Date of Award


Degree Type


Degree Name

Master of Arts (MA)



Committee Chair(s)

Christine Cooper-Rompato


Christine Cooper-Rompato


Adena Rivera-Dundas


Jessica Rivera-Mueller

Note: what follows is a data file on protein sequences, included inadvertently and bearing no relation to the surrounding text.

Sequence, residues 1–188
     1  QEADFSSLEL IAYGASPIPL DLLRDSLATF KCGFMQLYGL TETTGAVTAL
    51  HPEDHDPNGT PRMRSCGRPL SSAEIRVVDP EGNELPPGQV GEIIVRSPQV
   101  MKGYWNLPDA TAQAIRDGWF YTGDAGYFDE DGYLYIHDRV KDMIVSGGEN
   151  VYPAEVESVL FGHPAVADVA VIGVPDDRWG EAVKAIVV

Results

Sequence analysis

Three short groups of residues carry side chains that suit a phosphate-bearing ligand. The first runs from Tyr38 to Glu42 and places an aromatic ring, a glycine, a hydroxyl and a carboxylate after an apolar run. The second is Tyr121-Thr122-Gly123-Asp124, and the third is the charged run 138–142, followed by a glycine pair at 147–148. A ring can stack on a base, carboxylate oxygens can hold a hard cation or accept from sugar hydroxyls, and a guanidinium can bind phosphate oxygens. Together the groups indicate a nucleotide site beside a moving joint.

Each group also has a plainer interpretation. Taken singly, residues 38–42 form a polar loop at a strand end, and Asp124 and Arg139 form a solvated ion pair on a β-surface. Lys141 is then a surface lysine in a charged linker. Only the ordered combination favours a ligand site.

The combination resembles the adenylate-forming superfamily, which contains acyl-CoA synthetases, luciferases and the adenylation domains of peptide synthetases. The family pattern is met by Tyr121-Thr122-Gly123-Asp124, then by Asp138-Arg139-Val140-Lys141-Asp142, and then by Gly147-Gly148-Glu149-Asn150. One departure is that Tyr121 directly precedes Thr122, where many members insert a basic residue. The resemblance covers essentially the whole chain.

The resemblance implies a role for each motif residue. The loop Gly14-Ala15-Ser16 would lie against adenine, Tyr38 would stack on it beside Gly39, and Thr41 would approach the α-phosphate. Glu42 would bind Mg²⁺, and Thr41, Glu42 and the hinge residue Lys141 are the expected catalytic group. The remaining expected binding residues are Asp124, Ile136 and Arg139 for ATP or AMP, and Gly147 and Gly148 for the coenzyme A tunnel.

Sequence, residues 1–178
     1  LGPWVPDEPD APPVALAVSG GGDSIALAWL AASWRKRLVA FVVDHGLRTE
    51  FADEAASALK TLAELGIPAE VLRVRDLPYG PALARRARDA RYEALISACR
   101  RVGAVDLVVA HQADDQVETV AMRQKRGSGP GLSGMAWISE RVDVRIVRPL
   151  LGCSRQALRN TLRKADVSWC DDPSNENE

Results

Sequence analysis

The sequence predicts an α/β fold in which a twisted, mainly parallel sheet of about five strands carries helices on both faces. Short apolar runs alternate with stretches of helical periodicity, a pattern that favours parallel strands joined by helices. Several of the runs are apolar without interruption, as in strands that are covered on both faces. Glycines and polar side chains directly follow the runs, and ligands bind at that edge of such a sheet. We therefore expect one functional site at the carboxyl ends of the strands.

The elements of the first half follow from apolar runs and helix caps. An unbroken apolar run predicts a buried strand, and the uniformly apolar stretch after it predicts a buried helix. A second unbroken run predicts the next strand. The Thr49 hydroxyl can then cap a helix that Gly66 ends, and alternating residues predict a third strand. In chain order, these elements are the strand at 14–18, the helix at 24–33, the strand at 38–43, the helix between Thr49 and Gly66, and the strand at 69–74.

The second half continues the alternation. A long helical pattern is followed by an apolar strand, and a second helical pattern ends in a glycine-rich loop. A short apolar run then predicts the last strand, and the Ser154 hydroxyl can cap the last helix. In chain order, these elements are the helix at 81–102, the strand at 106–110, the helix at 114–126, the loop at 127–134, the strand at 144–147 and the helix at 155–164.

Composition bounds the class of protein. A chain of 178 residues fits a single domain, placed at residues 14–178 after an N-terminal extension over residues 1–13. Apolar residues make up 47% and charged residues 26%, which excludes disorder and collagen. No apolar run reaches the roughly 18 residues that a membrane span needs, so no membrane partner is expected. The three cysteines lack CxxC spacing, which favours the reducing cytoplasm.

In the Carmelite nun St. Teresa of Ávila’s (1515-1582) autobiography, The Life of Saint Teresa of Ávila by Herself (1588), the author repeatedly asserts her unworthiness. Contemporary scholarship has explored the function of Teresa’s rhetoric of humility in this text. Scholars from the 1990s have largely argued that Teresa’s humility is a carefully crafted, defensive method to meet the demands of the patriarchal culture in which she wrote. Twenty-first-century scholars take a (slightly) different approach. To them, Teresa’s humility is not solely rhetorical; they suggest that Teresa’s humility is also a consequence and tool of her spiritual journey. In this thesis, I review scholarship published in the last 35 years that addresses the function of humility in Teresa’s autobiography. I begin with Alison Weber, Carole Slade, and Gillian Ahlgren from the 1990s. These scholars focus on the cultural period in which Teresa wrote to suggest that it was the primary influence on her rhetoric of humility. In the early twenty-first century, Elena Carrera opens the door to a spiritual understanding of Teresa’s humility, showing how her self-deprecation represents more than a persona adopted for survival—it is also her manifestation of humility and an example of this religious virtue to her readers. Within the last 10 years, Lisa Fullam, Noelia Bueno-Gómez, and A. F. Davis Abdallah argue that, though Teresa may use a rhetoric of humility to dispose her audience to receive her text, her humility is also a consequence of her spiritual path and empowers her to fulfill the mission she believes God has given her. The trajectory of the scholarship is significant because it gradually reconsiders Teresa’s voice, suggesting that her humility was more than a consequence of her rhetorical situation. No longer merely defensive, humility has a powerful function in her autobiography: Teresa demonstrates humility’s importance to spiritual development and its ability to give one courage to persist on one’s spiritual path, setting aside personal interests to serve God.